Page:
The grep command is a powerful tool used for searching text files or input streams for lines that match a specified pattern. The grep command along with the regex can search for lines containing a specific pattern.

Let’s say we have a file in the current directory called example.txt with the following contents:

apple
banana
grape
apricot
watermelon

Now, the following grep command will search for apple and apricot with regex to in the file :

grep 'apple\|apricot' example.txt

Using regex with "grep" command to search in a file.The output shows the result after searching the expression as defined in the regex.

How to Search and Replace Using Regex in Bash?

Regular expressions can be utilized to locate particular patterns or substrings within a given text. Subsequently, they can substitute the identified text or pattern with a designated replacement string. For example, to search all the vowels within a text and replace them with a special character #, check the following script:

#!/bin/bash

# Input string
input="The quick brown fox jumps over the lazy dog."

# Perform search and replace using regex
output=$(echo "$input" | sed 's/[aeiou]/#/g')

# Print the modified string
echo "$output"

EXPLANATION
This script uses the sed command with a regular expression to perform a search and replace operation. Specifically, it replaces all occurrences of lowercase vowels (a, e, i, o, u) with the # character. The regular expression [aeiou] matches any single lowercase vowel, and the sed command’s s/// syntax replaces each match with #.

Search and replace a pattern within a string using regex.The output shows the modified string after replacing all the vowels with the “#” in the input string using regex.

How to Extract Domain Name From URL Using Regex in Bash?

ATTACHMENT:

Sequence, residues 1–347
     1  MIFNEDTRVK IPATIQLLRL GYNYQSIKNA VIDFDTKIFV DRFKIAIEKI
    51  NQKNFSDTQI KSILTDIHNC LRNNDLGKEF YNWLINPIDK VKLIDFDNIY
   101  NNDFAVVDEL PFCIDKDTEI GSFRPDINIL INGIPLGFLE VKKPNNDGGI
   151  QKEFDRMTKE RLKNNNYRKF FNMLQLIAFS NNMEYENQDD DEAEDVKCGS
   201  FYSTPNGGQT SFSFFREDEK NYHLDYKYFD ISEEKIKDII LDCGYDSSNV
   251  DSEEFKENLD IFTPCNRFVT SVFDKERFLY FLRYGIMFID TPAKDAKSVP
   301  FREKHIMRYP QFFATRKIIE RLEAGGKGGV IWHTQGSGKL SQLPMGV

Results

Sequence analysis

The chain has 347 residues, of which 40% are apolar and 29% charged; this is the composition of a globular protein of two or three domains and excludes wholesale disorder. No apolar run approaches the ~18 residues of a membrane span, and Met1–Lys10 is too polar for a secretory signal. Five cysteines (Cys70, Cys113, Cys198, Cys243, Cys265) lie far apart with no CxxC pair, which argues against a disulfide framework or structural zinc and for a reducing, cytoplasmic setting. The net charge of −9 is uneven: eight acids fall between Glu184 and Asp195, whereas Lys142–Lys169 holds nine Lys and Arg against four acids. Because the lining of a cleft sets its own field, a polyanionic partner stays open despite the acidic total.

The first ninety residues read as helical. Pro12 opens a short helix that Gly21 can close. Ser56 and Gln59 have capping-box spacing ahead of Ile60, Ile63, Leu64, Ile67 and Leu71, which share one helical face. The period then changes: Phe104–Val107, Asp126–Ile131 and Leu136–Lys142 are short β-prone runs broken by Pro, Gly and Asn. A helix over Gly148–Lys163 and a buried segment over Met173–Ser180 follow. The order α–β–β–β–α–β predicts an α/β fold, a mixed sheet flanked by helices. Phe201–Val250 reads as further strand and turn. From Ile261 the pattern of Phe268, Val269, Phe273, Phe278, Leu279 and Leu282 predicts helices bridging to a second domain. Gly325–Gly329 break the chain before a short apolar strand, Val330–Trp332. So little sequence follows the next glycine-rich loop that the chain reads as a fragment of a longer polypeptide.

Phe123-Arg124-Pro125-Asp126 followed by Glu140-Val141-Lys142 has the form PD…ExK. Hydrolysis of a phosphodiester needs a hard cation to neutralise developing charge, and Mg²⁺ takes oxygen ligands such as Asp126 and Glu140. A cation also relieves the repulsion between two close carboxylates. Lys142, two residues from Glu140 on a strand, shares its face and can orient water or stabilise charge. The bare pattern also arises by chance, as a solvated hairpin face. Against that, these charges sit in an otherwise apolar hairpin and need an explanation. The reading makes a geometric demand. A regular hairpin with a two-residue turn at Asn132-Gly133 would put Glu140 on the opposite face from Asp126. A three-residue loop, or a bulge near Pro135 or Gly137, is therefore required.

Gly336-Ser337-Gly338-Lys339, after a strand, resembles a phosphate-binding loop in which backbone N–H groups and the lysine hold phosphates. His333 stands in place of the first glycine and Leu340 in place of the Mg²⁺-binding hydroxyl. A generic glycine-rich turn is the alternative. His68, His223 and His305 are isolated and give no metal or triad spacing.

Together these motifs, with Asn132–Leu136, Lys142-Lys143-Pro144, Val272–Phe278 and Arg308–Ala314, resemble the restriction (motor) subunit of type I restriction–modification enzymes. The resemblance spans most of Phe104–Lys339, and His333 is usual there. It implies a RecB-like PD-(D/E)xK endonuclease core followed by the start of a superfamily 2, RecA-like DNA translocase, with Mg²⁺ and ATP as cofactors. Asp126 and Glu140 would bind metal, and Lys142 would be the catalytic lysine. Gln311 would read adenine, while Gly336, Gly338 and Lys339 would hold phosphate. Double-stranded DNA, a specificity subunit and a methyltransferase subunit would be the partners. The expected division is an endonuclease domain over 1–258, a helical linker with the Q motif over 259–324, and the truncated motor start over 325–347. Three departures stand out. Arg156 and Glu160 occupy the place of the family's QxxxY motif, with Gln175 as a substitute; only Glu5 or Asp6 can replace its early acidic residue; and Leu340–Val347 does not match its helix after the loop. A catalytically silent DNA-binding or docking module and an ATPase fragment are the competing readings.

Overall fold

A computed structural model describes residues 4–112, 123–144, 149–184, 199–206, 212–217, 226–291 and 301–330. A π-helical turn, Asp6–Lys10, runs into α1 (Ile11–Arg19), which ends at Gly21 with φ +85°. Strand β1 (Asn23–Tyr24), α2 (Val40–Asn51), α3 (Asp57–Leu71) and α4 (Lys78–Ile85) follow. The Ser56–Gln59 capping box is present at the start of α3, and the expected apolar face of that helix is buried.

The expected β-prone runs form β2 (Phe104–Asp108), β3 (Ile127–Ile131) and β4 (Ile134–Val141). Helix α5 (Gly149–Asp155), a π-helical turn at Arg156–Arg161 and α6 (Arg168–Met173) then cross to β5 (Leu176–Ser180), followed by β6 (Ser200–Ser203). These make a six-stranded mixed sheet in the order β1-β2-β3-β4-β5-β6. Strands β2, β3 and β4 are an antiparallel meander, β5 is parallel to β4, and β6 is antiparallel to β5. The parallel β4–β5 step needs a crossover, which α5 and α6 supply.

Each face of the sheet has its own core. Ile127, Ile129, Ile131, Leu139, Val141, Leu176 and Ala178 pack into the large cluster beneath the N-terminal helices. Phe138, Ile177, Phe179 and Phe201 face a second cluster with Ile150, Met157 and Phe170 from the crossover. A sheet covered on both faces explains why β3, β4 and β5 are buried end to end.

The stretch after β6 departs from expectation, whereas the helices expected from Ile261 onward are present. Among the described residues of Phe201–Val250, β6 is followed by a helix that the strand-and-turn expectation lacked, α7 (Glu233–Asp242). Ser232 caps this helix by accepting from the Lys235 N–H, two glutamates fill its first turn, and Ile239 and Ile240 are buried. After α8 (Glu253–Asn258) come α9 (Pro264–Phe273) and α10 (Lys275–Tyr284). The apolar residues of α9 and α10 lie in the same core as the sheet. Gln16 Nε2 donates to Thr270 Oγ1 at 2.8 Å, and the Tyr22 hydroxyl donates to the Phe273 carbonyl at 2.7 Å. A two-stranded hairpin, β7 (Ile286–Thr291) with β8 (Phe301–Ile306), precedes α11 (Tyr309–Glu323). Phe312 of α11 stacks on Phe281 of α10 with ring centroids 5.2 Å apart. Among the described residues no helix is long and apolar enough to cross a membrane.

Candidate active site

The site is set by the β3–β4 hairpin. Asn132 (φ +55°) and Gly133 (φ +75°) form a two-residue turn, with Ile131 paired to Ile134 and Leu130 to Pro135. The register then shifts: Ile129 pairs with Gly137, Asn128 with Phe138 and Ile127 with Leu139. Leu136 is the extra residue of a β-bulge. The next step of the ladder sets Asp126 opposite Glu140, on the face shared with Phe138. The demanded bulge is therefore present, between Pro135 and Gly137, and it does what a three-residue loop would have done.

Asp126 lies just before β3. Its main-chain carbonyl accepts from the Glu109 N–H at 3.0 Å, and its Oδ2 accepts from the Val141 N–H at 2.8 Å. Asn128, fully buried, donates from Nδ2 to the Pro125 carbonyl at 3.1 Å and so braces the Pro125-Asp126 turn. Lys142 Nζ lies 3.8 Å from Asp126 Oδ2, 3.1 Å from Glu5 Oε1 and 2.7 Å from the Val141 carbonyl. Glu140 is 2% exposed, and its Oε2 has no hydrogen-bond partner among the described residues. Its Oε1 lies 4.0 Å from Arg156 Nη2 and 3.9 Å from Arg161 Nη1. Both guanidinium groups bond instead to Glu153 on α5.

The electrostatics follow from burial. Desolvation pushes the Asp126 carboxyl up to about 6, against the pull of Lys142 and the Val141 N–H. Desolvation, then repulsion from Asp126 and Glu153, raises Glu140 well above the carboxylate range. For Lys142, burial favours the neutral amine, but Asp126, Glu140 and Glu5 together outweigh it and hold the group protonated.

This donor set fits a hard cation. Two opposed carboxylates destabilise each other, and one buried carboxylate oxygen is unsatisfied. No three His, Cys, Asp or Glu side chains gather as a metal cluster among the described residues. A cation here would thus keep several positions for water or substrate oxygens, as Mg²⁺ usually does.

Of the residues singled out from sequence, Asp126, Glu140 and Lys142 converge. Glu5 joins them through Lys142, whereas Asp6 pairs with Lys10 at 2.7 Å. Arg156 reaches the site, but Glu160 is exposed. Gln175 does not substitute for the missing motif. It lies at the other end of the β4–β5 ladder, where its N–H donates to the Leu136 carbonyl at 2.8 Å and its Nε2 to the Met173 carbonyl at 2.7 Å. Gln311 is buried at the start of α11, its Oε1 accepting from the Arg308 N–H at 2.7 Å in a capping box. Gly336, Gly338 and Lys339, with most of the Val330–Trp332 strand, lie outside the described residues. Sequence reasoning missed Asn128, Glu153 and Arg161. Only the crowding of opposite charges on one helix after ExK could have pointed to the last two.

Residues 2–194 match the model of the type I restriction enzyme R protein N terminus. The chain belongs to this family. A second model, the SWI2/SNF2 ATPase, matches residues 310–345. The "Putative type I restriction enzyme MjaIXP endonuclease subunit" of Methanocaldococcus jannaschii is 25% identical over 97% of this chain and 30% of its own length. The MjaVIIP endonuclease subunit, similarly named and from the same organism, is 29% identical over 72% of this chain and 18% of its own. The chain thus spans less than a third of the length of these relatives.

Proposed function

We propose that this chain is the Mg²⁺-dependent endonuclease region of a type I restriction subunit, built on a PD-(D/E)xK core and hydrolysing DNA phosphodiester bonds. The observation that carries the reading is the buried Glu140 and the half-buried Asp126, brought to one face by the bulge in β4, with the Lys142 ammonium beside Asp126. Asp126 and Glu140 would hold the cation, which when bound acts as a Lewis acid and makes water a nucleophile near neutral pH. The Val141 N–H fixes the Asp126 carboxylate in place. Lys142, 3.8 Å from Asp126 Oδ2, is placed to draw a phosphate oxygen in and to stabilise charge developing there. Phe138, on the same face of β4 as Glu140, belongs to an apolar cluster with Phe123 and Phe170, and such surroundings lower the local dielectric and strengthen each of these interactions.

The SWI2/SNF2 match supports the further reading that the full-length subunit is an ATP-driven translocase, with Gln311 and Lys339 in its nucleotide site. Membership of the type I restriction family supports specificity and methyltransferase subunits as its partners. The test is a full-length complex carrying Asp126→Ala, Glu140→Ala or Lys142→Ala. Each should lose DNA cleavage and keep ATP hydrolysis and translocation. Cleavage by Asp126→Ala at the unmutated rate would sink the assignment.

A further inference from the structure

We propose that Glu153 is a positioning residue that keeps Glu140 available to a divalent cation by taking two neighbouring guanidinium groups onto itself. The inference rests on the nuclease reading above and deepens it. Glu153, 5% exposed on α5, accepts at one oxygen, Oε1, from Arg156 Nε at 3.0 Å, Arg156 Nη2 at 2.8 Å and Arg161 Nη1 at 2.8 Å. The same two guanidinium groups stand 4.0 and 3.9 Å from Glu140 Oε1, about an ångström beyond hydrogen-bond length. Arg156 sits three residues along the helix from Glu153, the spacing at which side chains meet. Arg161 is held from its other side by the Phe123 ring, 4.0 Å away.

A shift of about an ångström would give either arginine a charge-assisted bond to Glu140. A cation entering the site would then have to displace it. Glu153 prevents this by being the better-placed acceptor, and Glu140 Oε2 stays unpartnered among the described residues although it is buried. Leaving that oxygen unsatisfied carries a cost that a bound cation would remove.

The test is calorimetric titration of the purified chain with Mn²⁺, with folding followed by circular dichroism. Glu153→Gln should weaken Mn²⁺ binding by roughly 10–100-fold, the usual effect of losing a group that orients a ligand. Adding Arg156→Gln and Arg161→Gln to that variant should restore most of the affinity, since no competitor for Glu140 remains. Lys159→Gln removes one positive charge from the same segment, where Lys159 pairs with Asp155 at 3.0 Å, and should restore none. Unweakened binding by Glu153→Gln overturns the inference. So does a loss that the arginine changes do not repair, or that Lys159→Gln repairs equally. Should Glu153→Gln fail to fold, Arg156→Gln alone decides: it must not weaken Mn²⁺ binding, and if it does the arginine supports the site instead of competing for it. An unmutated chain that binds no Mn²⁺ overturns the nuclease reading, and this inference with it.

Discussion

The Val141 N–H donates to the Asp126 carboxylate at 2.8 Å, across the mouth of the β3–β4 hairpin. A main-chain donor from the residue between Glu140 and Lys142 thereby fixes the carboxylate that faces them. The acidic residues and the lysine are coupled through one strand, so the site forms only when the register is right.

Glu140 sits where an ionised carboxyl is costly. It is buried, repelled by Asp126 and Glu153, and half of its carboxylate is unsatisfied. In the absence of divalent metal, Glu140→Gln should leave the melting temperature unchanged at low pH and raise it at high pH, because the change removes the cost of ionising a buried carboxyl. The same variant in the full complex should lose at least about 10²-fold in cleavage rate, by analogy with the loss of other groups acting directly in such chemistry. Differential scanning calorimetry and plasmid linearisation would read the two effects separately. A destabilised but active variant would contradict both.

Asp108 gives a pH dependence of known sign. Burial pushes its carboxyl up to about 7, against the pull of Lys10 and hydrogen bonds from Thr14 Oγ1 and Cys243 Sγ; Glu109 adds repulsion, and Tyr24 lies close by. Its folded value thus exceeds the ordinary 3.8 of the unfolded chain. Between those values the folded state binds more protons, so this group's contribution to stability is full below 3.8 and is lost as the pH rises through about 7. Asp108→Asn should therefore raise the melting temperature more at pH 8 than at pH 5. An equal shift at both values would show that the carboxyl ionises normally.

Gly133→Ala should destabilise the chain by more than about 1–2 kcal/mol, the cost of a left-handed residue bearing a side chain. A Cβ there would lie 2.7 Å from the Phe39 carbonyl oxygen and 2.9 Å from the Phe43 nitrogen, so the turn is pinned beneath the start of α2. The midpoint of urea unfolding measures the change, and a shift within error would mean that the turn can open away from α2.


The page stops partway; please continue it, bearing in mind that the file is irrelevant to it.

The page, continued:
Extracting a domain name from a URL involves identifying and isolating the main part of the URL that represents the domain. This typically means removing any scheme (like “http://” or “https://”) and any path or query parameters. To extract the domain name from a URL, use if [[ "$url" =~ ^https?://([^/]+) ]]; then domain=”${BASH_REMATCH[1]}” syntax.

Check the following script to extract the domain name from the URL:

#!/bin/bash

# URL
url="https://www.example.com/path/to/page?param=value"

# Extract domain using regex
if [[ "$url" =~ ^https?://([^/]+) ]]; then
domain="${BASH_REMATCH[1]}"
echo "Domain name: $domain"
else
echo "Invalid URL"
fi

EXPLANATION
The script uses regex expression [[ "$url" =~ ^https?://([^/]+) ]] which checks the URL  starts with either “http://” or “https://” followed by the domain part. The domain part is captured using the ([^/]+) which matches one or more characters that are not forward slashes (/).  In the script assigns the matched domain name to the domain variable using ${BASH_REMATCH[1]}, which extracts the contents of the first capturing group.

Extract domain name from URL using REgex in Bash.The script outputs the extracted URL from the email address by following the defined regex pattern.

How to Check the Format of an IP Address Using Regex in Bash?

To check the format of an IP address using regex in Bash, you can construct a regex pattern that matches valid IP addresses. Here’s an example of a Bash script to perform this check:

#!/bin/bash

# IP address
ip="192.168.277.1"
echo "The ip address: $ip"
echo

# Regex pattern for IP address format
regex='^(([0-9]|[1-9][0-9]|1[0-9]{2}|2[0-4][0-9]|25[0-5])\.){3}([0-9]|[1->

# Check if IP address matches the regex pattern
if [[ $ip =~ $regex ]]; then
echo "Valid IP address"
else
echo "Invalid IP address"
fi

EXPLANATION
The script sets a specific IP address, 192.168.277.1 into the IP variable. A regex pattern is defined to match the format of a valid IPv4 address.  The regex used in the script ensures that there are 4 octets consisting of digits in the IP address and each octet is within the range 0-255. The script then checks if the IP address stored in the IP variable matches the regex pattern using the conditional expression [[ $ip =~ $regex ]].

Check the fomrat of an IP address using Bash regex.The script identifies the IP address as invalid because the third octet, represented as 277, falls outside the permissible range of 0 to 255.

How to Check the Format of an Email Using Regex in Bash?

To check the format of an email using regex in Bash, you can construct a regex pattern that matches valid email addresses. A regex of checking email format is [A-Za-z0-9._%+-]+@[A-Za-z0-9.-]+\.[A-Za-z]{2,}$

Check the following script to use the regex in email format checking:

#!/bin/bash

read -p "Enter email: " email

#regex pattern for email address format
regex='^[A-Za-z0-9._%+-]+@[A-Za-z0-9.-]+\.[A-Za-z]{2,}$'

if [[ "$email" =~ $regex]]; then
echo "Valid email address"
else
echo "Invalid email address"
fi

EXPLANATION